Not only did I get hate mail and phone calls, I got threatening letters and faux-invitations from the KKK, which were also mailed to my mother at her home address. She phoned up the Black House and had words with one of the faculty members there, who was sympathetic (to me). The residential coordinator of my dorm - a white man - offered me safe space in his apartment if I needed it. I declined, but it was not easy living in my dorm for awhile, especially with my white Jewish boyfriend living down the hall.

The editorial came up again the following year, when I was participating in a Summer Research Opportunity Program, which was for all minority students but was overwhelmingly black. I felt that like the scholarship aid I received, I deserved it as much as anyone based on my financial need and academic merit, not just my skin color. But I was again accused by my fellow students of not being "black enough". (White students in my American Culture seminar accused me of racism too, by the way.)

I survived college and moved here to the Bay Area. Again, I hoped I was in a more enlightened place where people of different races could mingle freely. This time the reality was closer to my expectations. Though a few minor incidents do stand out in my mind.

One was an older white British man who I met online and began seeing casually very soon after moving here. He had downstairs neighbors who were black and often made a lot of noise. He began characterizing black people as noisy in general. I asked him why he would say such a thing in front of me. He didn't understand why this would bother me.

Another was a Chinese friend I was attracted to, who had begun dating a white woman and had to convince his traditional-minded parents to accept her. We were talking with some other friends about the situation and he or someone else said something to the effect of "At least he's not bringing you home", and everyone laughed, including my then-boyfriend (who was white). I laughed a little too, but it stung.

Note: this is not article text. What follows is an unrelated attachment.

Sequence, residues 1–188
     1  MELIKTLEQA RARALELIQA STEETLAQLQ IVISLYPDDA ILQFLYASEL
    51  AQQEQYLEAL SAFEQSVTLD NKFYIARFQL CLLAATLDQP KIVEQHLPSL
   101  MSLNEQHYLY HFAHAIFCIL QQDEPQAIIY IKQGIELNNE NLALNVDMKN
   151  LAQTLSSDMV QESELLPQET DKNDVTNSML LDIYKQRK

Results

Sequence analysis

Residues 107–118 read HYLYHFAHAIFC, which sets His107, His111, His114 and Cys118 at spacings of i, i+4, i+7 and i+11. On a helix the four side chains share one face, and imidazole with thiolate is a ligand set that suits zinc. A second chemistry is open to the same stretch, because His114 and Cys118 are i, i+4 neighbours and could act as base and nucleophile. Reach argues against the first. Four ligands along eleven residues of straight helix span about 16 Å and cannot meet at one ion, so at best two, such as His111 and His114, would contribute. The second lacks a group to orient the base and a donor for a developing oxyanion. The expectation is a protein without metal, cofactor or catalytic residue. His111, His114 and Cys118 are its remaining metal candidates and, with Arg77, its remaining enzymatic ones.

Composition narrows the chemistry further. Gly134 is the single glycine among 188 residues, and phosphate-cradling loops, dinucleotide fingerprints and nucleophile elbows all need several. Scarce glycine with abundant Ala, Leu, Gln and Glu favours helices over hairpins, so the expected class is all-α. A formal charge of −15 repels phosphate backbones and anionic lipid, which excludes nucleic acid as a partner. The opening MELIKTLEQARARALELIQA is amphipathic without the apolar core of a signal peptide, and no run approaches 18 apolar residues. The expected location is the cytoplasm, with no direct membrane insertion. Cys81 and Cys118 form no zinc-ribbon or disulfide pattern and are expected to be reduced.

Another in that group of friends was white and had been dating a Chinese woman, who his family was OK with though hers was not. That friend said that his mother said if he ever brought a black woman home, she would smile, then go to her room and quietly have a heart attack. He didn't laugh about or condone this, but it still bothered me that there could still be educated, intelligent people who felt this way.

Now I am married to a white man, boyziggy, who is as color-blind as you can get, and I don't think either of us gives race a second thought on most days. The main times I've been confronted with it is when visiting online dating sites, and marveling at the ads where people specify the race of the person they desire to date. On bad days I would wonder if my race was preventing me from getting dates, then quickly realize that I would never even want to date someone for whom race would be a factor.

I don't deny people a desire to share in a common culture, whether it be music, food, or what have you. I just cannot fathom deciding whether to be friends or lovers with someone based on something as superficial as how much melanin is in their skin.

I am not a religious or even particularly spiritual person, but I have a revelation to share. Sometimes in quiet moments, just before falling asleep, I hear a voice speaking to me. The voice sounds like my own, but I recognize it as Truth. One of the things this voice says is that all societal divisions based on race are just flat-out wrong. To me this wisdom is not to be questioned; it is simply Truth.
Tags: intl blog against racism week